13


E x pa n d i n g Per s p ecti v es Exhibitions Although our curriculum is not overtly conceptual, many of our courses, exhibitions, and events emphasize ideas as much as objects. Recent examples curated by Gallery Director Hannah Israel include Space Reliant: An erasure of the border between the screen and the body, and Soft Science: Matters between Art and Science, co-curated with Erika Adams. As Robert Atkins points out in Artspeak, conceptual art– which dates back to Marcel Duchamp and the Dada movement and was embraced internationally in the 1960s—has influenced traditional-format painters and sculptors to incorporate storytelling, political topics, and images from art history and popular culture in their works. Our major exhibitions in 2012-13 embraced a range of ideas and practices. Six Pack: Working Abs combined six painters who utilize nature, technology, and psychology in works that combine digital and conventional media and play with spatial reconfigurations. Blane De St. Croix: (Un)Natural History II explored the geopolitical landscape by employing a combination of natural and industrial materials. The exhibition examined humankind’s desire to take command over the earth, revealing distinct conflicts with ecology, politics, and ourselves. Telarian exhibited works by four artists who investigate human beings and specifically “wild” animals in relationship to domestic space, in an effort to question what it means to be animal, human, and wild. The Cannonball Press: Selected Prints focused on Brooklyn, New York-based Martin Mazzorra and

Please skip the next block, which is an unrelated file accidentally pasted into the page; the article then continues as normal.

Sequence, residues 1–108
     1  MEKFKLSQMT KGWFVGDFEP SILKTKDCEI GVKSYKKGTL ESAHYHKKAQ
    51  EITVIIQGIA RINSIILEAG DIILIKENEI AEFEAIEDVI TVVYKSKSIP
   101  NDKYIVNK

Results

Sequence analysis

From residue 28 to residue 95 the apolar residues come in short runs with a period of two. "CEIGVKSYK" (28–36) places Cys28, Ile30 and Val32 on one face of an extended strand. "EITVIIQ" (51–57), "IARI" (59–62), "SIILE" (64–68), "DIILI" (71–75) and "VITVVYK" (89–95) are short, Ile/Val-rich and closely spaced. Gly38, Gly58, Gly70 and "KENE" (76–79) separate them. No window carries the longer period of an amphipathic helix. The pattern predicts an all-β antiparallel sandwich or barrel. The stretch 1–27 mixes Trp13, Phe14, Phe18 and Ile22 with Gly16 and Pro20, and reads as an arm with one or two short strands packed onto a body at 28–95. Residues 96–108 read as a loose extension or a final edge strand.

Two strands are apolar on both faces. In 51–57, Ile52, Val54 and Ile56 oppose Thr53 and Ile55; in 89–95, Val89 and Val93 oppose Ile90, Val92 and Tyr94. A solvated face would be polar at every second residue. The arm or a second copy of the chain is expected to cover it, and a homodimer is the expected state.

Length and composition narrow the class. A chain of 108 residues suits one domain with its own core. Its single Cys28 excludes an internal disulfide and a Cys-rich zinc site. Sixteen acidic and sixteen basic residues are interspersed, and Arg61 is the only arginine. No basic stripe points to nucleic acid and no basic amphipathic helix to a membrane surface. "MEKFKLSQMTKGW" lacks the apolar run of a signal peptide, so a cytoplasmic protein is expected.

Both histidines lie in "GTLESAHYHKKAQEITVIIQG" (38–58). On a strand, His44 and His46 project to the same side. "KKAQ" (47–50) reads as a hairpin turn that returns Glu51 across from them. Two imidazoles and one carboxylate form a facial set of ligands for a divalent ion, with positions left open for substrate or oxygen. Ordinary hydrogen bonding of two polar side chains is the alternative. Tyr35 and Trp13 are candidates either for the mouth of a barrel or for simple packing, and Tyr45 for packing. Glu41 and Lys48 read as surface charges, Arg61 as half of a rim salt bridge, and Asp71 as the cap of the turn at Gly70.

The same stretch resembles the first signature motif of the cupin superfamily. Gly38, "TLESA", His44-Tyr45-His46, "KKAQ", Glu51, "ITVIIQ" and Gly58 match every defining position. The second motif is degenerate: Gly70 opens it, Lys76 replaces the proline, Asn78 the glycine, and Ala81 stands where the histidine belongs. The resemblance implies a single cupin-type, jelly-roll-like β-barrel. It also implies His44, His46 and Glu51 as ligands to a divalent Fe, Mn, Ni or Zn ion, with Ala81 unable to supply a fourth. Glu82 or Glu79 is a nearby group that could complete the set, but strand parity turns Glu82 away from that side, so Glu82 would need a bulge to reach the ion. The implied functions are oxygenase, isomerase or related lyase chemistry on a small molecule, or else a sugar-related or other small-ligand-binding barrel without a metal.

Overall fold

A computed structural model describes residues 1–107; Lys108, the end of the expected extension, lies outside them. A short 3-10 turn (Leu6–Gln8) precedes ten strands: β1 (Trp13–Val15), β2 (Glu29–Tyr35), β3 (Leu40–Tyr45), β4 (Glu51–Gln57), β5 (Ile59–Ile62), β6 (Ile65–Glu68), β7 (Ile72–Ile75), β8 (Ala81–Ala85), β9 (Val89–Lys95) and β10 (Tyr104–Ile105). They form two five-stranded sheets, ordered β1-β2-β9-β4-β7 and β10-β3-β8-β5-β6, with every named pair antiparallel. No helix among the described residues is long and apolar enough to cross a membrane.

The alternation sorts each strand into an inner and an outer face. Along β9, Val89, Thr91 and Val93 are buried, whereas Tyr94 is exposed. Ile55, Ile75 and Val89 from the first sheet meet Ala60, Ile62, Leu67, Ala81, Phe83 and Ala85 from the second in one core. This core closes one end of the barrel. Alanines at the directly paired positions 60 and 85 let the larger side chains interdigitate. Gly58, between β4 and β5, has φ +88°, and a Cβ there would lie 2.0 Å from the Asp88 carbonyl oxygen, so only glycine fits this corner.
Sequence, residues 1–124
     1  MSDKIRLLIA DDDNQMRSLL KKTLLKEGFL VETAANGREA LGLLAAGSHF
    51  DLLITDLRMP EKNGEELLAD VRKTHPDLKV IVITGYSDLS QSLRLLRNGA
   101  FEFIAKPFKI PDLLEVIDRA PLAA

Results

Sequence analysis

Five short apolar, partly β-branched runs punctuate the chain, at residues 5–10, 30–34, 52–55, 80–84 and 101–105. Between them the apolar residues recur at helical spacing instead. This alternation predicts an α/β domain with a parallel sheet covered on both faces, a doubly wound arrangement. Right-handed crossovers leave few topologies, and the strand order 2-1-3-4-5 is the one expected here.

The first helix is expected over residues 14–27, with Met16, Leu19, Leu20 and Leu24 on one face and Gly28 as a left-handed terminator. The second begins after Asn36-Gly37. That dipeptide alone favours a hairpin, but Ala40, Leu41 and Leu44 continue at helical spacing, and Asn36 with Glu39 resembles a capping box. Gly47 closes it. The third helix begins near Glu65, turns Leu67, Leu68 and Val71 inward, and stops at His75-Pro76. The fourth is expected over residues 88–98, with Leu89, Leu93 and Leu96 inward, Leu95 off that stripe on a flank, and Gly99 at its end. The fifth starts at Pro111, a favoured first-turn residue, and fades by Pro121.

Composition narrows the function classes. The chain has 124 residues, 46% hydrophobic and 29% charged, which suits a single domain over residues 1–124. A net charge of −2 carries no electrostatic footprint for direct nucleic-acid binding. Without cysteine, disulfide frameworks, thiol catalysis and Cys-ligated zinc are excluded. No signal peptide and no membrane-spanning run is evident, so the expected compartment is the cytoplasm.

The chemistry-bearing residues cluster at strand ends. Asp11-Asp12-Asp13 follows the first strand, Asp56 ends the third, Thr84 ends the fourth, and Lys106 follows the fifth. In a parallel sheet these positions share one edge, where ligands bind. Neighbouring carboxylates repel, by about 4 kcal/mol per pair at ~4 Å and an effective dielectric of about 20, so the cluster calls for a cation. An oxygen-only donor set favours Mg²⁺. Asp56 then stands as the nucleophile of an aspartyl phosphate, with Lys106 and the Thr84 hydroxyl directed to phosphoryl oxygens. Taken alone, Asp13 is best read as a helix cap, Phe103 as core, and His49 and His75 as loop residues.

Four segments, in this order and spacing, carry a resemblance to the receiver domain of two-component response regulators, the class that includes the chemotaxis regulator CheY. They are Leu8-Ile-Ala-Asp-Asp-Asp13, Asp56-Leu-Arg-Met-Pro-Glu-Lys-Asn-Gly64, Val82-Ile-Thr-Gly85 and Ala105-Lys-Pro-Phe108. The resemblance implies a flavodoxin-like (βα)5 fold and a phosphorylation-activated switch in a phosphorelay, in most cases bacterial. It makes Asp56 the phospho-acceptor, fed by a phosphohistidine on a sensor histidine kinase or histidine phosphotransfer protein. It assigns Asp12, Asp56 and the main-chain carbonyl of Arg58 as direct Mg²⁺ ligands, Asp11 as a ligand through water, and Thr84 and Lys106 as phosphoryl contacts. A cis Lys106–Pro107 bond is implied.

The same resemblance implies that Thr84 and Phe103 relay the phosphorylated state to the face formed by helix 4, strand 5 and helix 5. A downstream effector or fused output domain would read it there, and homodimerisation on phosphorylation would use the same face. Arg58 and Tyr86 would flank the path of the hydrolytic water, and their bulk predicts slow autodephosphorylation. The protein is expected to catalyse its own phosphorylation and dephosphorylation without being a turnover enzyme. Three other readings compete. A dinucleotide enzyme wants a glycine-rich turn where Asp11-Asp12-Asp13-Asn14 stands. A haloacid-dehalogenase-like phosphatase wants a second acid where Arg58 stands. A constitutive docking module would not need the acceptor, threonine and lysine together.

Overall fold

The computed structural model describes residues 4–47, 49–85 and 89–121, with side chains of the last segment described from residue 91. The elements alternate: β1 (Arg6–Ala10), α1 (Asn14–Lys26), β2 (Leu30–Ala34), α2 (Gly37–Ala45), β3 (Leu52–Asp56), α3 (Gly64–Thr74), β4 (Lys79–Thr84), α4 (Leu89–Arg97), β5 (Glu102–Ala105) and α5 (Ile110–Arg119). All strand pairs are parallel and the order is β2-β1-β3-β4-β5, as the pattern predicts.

14

columbus state university department of art, columbus, georgia


Galleries The Norman Shannon and Emmy Lou

The Fulcrum Gallery, a small window-front

P. Illges Gallery presents 6 – 8 exhibitions

space in Uptown Columbus, showcases exciting

per year, both national and international in scope,

contemporary arts 24/7 and updates about public